By Gwenn M. M. Hennon
The microscopic organisms that make up ocean ecosystems are invisible to the naked–eye, yet they are responsible for producing half the oxygen we breathe, and for sustaining all the world’s fisheries. Now, nearing the end of our three-week cruise of the North Pacific off Hawaii, we are working to understand how these tiny bacteria connect and communicate with one another.
We know bacteria have the ability to sense and respond to an unknown number of chemical signals, but we think it may be tens to hundreds. A few signals we know from lab experiments include quorum sensing molecules. Quorum sensing molecules are released by other bacteria to change the way cells behave when they have reached a sufficient density, or quorum. We know from previous work in the Dyhrman lab and the Van Mooy lab that quorum signaling is important in the bacteria communities that surround a particularly large and important
cyanobacterium, Trichodesmium. Tricho, as it is affectionately referred to, fixes large quantities of nitrogen fertilizer directly from nitrogen gas ( see my post: http://bit.ly/2udAf6F ). The bacteria surrounding Tricho, or its microbiome can greatly affect the rates of nitrogen fixation in ways we do not yet fully understand. Nitrogen fixation is one of the most important biochemical processes on earth and in the oceans. In ocean ecosystems, it enables microorganisms to grow even when other nutrients, such as nitrate and ammonium, are scarce.
We would like to understand which bacteria are actively recruited to colonize Tricho and other large cells, and how chemical signaling impacts this process. To do this, we created a trap for bacteria using new techniques pioneered by our collaborator Otto Cordero. From scratch, we made microscopic beads embedded with phytoplankton cell extract and magnetic particles that allow us to pull the beads out of solution, separating them from the seawater and free-living cells. Inside the bottle I’m holding (see photo) are thousands of these tiny beads mixed with ocean bacteria. Over the past few weeks, we have mixed natural bacteria found in the surface ocean with different mixtures of chemical signals and phytoplankton-flavored beads. After we take our samples back to the lab, we can use DNA sequencing as a kind of universal barcode to identify the bacteria caught in our trap.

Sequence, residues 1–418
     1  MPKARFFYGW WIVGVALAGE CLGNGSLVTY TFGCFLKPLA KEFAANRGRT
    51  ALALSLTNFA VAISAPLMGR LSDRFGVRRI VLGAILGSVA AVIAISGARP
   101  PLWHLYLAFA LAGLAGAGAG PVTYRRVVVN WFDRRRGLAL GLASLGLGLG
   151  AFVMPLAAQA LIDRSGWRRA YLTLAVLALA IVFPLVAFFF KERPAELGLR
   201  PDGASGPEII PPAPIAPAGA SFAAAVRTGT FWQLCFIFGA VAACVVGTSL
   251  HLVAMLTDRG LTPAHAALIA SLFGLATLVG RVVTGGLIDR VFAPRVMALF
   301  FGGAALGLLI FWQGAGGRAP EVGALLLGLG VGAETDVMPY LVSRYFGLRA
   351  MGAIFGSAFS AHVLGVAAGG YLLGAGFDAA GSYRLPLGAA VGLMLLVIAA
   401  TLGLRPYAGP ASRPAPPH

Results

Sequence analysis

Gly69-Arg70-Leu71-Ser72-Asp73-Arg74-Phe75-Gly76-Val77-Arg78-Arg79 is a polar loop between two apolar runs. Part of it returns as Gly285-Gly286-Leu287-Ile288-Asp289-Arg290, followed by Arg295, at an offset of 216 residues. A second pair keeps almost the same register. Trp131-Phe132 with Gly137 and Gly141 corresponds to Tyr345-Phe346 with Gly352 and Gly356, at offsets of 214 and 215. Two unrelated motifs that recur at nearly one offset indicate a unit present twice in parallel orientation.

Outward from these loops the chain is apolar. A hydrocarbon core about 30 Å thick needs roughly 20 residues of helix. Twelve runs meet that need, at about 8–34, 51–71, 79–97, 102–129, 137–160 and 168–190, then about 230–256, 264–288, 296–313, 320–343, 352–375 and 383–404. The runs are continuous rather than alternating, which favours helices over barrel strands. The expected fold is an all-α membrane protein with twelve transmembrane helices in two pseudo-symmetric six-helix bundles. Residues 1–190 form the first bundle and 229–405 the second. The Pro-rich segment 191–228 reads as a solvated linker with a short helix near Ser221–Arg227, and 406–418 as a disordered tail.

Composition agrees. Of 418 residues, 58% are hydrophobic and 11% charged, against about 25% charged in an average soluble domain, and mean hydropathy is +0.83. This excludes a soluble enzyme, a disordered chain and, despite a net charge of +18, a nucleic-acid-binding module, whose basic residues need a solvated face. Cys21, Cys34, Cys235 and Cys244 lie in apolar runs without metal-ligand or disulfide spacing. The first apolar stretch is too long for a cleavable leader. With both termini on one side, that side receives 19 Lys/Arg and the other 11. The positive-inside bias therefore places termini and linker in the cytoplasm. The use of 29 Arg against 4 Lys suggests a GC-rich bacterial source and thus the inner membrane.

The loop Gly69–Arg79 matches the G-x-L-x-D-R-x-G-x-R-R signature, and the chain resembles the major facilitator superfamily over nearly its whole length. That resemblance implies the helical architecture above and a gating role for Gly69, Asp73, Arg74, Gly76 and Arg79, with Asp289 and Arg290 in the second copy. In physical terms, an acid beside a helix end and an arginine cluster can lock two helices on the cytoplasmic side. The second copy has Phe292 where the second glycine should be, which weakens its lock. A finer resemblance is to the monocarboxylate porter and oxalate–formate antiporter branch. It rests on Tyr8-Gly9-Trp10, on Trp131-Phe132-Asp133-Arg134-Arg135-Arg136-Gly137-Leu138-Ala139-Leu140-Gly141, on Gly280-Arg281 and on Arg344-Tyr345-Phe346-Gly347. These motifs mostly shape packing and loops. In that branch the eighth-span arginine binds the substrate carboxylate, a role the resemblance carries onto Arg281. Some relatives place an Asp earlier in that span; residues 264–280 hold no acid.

I can’t wait to see what we will discover from these experiments, which give us new tools to eavesdrop on the conversation among marine bacteria. Understanding how bacteria communicate through signals is an important challenge for predicting the future of the ocean’s complex microbial ecosystem.